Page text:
Cooperative and collaborative approaches to group work are very similar. However, scholars have highlighted key differences between the approaches.
- A cooperative learning approach is designed to be specifically opposite to competitive education. The point is to work together to achieve a pre-set goal, rather than against each other. The teacher will often set out a clear and structured learning objective and expect a certain answer to the assigned group-work question.
- A collaborative learning approach has its origins in social-constructivism, whereby people work together to come to shared negotiations of meaning. It involves entering a learning scenario not to achieve a pre-set goal, but to go through a process of negotiation and discourse that will lead to new shared answers to complex problems.
Collaboration vs. Cooperation
Collaborative learning and cooperative learning are often used to explain the general concept of learning in groups. While some people use the terms ‘collaborative’ and ‘cooperative’ to mean the same thing, others do not.
For most educators, the distinction is not significant and both approaches follow the same general group work pattern.
However, theorists do draw a line between the two.
According to Barkley, Cross & Major (2014) the key distinction is that cooperative tasks are more structured and collaborative tasks are less structured. They state:
“Collaborative and cooperative learning [are] positioned on a continuum from most structured (cooperative) to least structured (collaborative)” (pp. 5 – 6).
A cooperative learning scenario is opposed to a ‘competitive’ scenario. In cooperation, students work together rather than competing against one another.
Group roles may be assigned by the teacher, and there is one common learning objective to be achieved.
Further, the learning objective is often known by the teacher in advance and students work in groups to ‘uncover’ the answers. This approach follows a cognitive-constructivist perspective.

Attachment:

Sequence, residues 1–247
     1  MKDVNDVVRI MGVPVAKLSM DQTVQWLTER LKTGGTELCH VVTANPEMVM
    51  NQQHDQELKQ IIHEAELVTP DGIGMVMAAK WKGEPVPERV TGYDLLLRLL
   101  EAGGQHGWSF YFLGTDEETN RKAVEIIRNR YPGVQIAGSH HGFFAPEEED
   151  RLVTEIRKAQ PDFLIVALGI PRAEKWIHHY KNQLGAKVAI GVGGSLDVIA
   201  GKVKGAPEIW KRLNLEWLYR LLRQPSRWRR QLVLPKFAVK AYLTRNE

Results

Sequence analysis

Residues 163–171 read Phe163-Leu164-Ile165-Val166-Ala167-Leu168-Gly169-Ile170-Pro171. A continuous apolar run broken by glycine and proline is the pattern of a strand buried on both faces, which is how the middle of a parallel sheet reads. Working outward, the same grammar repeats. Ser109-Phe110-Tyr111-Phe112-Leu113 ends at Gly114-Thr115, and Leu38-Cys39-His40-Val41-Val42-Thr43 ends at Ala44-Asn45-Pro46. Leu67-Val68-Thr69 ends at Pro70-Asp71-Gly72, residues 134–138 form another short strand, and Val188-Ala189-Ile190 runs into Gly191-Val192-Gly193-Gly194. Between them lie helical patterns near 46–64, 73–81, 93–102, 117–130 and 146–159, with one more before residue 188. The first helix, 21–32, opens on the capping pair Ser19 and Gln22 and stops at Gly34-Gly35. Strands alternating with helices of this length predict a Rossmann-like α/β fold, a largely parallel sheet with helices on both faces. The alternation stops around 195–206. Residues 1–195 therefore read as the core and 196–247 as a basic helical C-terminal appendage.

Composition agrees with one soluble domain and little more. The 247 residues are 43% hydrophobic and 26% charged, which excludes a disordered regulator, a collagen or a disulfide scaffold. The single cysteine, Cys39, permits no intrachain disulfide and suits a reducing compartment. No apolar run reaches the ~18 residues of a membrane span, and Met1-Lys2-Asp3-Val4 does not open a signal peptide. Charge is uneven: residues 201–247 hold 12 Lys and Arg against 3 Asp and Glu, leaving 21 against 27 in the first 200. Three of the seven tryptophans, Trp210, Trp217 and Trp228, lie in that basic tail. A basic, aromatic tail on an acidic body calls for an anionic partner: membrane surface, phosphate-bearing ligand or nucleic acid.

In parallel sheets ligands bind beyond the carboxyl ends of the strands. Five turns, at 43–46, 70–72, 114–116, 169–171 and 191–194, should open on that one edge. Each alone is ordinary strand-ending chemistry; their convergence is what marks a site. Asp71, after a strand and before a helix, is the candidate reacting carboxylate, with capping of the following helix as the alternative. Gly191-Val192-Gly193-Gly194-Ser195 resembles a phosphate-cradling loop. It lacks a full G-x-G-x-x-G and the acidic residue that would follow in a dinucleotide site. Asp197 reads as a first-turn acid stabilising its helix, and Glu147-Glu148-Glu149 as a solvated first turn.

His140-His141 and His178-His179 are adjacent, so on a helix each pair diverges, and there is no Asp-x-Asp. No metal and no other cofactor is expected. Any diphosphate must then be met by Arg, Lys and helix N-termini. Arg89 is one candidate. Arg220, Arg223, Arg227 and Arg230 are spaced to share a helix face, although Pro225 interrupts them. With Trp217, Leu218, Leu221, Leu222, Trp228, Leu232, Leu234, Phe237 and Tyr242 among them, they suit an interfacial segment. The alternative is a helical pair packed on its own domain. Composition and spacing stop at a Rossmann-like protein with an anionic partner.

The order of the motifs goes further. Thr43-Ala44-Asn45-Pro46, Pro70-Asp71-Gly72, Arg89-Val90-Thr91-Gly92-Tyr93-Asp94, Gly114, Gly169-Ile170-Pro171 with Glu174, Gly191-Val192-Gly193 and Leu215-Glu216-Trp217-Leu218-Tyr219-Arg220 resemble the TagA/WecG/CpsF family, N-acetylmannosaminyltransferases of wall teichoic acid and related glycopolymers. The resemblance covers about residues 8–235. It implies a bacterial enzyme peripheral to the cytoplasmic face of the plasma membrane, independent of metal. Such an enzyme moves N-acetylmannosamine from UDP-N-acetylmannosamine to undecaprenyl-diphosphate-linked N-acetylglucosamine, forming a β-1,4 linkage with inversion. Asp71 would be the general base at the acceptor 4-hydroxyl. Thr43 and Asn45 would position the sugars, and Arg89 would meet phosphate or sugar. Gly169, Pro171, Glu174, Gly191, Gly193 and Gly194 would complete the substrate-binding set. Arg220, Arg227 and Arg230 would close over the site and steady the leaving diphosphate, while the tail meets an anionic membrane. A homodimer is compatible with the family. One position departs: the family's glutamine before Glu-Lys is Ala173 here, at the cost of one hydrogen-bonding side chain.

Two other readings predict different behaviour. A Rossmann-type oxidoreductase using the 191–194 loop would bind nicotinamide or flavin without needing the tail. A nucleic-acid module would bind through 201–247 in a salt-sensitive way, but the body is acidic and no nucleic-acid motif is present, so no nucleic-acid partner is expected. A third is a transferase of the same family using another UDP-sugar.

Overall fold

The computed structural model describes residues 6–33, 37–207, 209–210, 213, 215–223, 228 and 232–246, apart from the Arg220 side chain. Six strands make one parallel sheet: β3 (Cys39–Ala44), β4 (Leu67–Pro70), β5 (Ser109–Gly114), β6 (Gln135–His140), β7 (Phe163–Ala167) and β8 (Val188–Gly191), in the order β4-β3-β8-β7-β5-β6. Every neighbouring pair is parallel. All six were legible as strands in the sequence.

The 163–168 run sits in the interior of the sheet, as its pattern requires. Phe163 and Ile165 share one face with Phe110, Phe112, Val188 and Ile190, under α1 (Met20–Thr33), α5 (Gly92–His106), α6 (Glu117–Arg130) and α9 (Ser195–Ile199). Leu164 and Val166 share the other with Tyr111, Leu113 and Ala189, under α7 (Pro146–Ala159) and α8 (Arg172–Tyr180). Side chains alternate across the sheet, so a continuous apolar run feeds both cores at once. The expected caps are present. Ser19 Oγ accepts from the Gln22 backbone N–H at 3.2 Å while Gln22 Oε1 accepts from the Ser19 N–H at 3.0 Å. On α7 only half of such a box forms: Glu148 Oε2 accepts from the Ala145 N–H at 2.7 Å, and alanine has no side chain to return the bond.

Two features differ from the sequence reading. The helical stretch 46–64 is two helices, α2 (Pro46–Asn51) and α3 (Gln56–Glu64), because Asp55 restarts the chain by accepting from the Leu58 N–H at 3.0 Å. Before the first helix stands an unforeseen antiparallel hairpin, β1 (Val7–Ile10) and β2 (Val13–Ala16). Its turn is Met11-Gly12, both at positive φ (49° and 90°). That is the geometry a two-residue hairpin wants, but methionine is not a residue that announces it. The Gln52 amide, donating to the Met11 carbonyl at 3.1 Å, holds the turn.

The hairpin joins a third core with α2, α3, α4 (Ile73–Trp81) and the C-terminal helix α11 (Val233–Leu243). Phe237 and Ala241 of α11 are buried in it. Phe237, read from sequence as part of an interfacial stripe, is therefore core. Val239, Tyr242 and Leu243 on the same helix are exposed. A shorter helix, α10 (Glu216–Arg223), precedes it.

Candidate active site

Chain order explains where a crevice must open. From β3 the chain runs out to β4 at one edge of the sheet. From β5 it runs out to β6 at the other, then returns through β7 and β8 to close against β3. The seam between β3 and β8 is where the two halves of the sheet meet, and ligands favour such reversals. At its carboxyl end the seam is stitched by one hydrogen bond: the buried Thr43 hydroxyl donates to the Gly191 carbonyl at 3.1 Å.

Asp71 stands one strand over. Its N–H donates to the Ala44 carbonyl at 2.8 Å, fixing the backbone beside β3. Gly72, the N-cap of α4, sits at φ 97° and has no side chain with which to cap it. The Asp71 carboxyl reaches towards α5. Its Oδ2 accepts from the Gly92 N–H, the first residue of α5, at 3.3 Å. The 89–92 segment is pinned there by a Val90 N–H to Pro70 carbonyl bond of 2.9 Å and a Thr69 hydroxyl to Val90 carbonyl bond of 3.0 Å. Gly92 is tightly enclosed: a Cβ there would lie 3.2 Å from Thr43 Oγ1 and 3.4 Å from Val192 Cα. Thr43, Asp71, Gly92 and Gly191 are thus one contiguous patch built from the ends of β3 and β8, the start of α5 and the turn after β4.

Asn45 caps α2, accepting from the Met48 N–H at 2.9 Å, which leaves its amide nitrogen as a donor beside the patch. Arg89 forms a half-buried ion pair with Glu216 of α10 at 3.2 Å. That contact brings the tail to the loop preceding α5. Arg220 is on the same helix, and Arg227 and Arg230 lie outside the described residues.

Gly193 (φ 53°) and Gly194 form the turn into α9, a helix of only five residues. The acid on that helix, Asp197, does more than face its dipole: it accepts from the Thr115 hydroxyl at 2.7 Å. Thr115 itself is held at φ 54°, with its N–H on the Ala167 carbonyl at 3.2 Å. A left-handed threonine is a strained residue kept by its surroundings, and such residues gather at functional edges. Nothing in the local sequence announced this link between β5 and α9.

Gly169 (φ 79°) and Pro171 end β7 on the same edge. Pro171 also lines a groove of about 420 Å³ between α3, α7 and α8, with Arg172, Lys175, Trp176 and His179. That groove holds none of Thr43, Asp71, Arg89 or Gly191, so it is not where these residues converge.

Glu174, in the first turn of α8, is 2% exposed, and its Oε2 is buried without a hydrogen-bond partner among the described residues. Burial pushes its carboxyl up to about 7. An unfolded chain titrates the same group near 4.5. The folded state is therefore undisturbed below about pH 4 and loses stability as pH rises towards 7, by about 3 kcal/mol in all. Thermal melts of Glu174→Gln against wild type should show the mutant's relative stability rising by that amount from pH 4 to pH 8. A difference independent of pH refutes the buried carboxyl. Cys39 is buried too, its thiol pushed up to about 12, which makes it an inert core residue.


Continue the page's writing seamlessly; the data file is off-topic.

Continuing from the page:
Collaboration implies working together to create new knowledge that is not known in advance.
This approach follows as social-constructivist perspective where knowledge is ‘socially constructed’ or ‘co-created’ through negotiation and compromise.
Nether the teacher or students have authority over knowledge; rather, knowledge and ‘facts’ are agreed upon through discussion and consensus.
Key features of a collaborative approach include:
- Social Constructivism: Shared construction of meaning, where the ‘truth’ is considered the answer that is most agreeable and logical to the group.
- Embraces Individualism: Individual achievements and strengths of individual group members are embraced and encouraged.
- Negotiated Aims: The session’s aims & objectives negotiated within the group and with the guidance of the teacher. There is much less teacher structure in this approach because negotiation of objectives are part of the collaborative process.
Go Deeper: 10 Examples of Collaborative Learning
Key features of a cooperative approach include: